• K: Warigami was my first leading role in film and I would say it definitely played a hand in putting me on the radar. It was a blast to shoot and I only wish more people had seen it! It’s available on The CW Seed and CBC Gem to stream.
  • VM: Speaking of alternate realities, you quietly and gracefully stole every scene that featured you in the Amazon series The Man in the High Castle. How was that particular experience for you?
  • K: That was my first job in TV! It was daunting being thrown into a large scale project such as High Castle but incredibly fun to shoot. Worked with blood packs, cigarettes, guns… all things that are quite foreign to me.
  • VM: What first attracted you to the acting profession?
  • K: I first discovered the stage as an improviser and quickly started work in plays and musicals. Caught the bug as they say and I love every medium of storytelling and sharing human experience with audiences.
  • VM: Has there been any actor that has greatly inspired your own work?
  • K: In terms of style, I never aim to emulate other artists and I’m terrible at narrowing down a name as a single inspiration. Every friend, mentor and peer has influenced how I work as an actor.
  • VM: How does your family feel about your acting?
  • K: They are extremely supportive of my endeavours as an artist — most of them are artists themselves. Though they may not love every project I’m in (certainly ones I die in), they are always cheering me on.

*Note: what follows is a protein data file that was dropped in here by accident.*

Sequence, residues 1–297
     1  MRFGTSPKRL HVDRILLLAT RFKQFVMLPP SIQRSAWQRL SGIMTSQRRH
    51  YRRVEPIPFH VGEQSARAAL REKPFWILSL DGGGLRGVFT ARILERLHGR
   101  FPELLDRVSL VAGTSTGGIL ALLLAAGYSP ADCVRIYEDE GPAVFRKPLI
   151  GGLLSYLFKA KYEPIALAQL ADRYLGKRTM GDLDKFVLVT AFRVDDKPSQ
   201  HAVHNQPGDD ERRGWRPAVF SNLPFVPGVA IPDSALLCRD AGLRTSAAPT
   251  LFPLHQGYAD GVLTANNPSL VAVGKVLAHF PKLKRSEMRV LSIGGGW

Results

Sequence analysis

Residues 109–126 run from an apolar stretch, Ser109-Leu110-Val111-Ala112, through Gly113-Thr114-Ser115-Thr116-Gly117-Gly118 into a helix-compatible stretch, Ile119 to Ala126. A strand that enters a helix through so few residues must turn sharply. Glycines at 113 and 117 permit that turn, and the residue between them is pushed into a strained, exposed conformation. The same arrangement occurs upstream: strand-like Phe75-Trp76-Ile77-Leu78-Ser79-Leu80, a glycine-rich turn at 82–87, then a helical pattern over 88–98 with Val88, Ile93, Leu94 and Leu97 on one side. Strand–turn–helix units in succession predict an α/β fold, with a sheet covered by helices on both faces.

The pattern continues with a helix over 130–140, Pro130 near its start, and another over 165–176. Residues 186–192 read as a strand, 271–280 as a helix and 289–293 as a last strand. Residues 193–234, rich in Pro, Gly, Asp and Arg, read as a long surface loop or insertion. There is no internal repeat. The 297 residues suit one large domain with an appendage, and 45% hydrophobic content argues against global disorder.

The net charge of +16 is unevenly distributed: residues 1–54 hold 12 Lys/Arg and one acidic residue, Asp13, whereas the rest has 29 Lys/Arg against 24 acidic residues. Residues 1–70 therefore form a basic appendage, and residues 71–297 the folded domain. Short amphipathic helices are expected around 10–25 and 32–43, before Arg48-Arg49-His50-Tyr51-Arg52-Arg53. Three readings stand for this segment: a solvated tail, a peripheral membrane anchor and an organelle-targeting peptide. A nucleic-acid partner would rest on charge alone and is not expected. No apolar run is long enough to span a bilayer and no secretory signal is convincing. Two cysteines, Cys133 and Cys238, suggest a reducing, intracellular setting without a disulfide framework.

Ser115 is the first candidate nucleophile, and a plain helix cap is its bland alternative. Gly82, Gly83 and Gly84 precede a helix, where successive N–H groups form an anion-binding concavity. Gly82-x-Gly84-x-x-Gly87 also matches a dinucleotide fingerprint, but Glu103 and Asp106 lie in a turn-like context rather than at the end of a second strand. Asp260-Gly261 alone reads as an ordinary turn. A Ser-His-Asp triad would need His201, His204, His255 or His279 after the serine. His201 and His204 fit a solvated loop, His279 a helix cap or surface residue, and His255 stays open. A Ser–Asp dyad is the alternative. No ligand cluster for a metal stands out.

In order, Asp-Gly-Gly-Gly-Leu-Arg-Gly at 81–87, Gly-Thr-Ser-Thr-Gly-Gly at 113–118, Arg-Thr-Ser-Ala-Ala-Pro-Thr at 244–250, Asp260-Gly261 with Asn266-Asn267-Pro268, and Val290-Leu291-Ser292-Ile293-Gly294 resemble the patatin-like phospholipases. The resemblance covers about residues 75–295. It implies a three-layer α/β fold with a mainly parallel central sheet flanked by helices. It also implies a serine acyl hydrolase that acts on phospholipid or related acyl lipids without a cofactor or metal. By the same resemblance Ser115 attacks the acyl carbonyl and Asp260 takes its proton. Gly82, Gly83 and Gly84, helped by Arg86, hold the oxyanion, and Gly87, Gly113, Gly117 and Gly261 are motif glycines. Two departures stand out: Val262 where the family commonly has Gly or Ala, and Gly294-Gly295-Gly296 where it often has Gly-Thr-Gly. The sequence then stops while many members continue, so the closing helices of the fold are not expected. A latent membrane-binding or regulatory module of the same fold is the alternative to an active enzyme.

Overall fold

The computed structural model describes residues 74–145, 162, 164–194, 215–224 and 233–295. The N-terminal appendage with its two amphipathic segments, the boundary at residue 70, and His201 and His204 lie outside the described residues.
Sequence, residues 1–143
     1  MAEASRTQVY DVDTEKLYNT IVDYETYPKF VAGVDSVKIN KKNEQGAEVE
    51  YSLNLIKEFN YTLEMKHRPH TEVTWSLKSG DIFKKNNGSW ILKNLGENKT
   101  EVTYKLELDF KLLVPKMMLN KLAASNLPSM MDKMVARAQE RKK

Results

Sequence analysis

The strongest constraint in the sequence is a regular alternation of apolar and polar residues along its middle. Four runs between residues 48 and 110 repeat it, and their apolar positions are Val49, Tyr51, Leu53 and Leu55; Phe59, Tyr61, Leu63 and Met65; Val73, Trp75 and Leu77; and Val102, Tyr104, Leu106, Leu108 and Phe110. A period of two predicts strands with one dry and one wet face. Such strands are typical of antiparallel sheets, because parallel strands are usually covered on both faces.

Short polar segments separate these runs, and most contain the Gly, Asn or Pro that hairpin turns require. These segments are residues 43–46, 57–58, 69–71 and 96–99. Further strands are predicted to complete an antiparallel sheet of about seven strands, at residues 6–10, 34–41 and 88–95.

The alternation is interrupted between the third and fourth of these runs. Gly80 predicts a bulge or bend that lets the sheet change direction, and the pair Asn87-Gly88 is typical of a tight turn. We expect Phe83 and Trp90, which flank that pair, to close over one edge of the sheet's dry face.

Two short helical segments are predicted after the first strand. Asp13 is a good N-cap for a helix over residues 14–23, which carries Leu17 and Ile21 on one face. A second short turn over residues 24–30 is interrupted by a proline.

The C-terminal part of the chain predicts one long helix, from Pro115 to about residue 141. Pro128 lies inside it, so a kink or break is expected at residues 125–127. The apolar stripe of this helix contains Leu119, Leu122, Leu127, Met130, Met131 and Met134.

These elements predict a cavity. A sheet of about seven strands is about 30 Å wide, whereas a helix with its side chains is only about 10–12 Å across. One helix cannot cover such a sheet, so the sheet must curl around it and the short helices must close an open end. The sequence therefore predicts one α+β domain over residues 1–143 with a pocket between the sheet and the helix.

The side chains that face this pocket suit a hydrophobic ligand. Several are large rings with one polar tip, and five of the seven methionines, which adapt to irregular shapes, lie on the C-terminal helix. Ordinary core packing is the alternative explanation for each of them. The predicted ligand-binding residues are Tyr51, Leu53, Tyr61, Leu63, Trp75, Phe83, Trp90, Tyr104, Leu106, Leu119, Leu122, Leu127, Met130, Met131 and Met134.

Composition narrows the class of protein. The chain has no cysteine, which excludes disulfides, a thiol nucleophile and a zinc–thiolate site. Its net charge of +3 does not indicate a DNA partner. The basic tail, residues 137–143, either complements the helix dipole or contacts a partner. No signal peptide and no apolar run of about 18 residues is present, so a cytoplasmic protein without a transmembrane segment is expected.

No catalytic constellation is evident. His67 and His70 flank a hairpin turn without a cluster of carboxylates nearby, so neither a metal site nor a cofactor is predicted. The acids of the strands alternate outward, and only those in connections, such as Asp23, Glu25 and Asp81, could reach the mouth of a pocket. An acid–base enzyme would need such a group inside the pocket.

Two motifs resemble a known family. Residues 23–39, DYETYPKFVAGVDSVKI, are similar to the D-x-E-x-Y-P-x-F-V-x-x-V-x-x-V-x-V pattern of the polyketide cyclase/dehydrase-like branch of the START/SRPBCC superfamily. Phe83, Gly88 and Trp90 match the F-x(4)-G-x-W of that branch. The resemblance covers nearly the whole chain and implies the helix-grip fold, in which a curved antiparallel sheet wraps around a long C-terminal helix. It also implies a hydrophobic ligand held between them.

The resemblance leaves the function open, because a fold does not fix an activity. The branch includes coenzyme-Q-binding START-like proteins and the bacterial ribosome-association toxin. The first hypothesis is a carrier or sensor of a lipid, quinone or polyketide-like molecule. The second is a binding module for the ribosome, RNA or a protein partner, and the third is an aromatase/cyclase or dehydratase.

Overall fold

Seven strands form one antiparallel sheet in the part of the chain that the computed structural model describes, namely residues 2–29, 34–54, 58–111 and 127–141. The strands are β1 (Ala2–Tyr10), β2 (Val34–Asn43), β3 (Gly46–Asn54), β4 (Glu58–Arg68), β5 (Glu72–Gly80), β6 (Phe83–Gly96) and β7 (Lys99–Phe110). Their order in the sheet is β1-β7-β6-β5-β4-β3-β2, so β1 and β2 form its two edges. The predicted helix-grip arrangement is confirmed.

• VM: You were a part of AMC’s splendid second season of The Terror which, among other things, looked at the Japanese internment camps during World War Two. You are the son of a Scottish father and a Japanese mother. Was it particularly important for you to be involved in this project, considering your Japanese heritage?
  • K: Quite early on, the second I heard about the project, I contacted my amazing agent, Melanie Hawthorne-Toogood and said: “I have to be a part of this!” To which, her reply was “already submitted you.” She’s a rockstar. Not only was I keen to be a part of The Terror: Infamy because of my Japanese heritage, I landed a role I could only dream of existing. For the first time, I played a half Caucasian — half Japanese character on paper and worked alongside legendary George Takei. Major career highlight for me!
  • VM: You’ve acted onscreen and on stage. Do you have a preference between the two, or is it apples and oranges?
  • K: Certainly apples and oranges. Though stage is my first love, I quickly grew to appreciate screen work as a completely different beast. They are separate art forms demanding new skill sets for each.
  • VM: What’s coming up for you in the future, acting-wise?
  • K: Due to the pandemic, opportunities have been severely limited. Keep on the lookout for Gerit in future episodes of Motherland: Fort Salem this season.
  • VM: Last silly question: You’re stranded on a deserted island. What is the one film and the one album you tide yourself over with while awaiting rescue?
  • K: This is tough for me because my taste is so varied and ever-changing. Today, I’ll take Tim Burton’s Charlie and the Chocolate Factory and Mumford and Sons’ Sigh No More on vinyl.

— by Ryan Vandergriff

  • Happy New Year 2024!!
  • 02/21/24: "Wild Cards" S1E6 Premiere
  • 02/18/24: "Sight Unseen" S1E5 Premiere
  • 2024/2025: "Virgin River" Season 6 Premiere
Current Projects
Virgin River
Seeking a fresh start, a nurse practitioner Melinda Monroe, moves from Los Angeles to a remote Northern California town and is surprised by what and who she finds.
Are You Afraid of the Dark?
Ghost Island: Season 3 will follow this new group of kids as they go on what they thought would be a fun summer vacation on a resort island, until they learn about something sinister haunting the guests.
Dead End
Tackling the current uncertainty of the world, our story follows high schoolers weighed down by the fear of the future losing themselves in a whirlpool of a graduation party to ignore their anxieties… also the world is ending.
Kai’s Support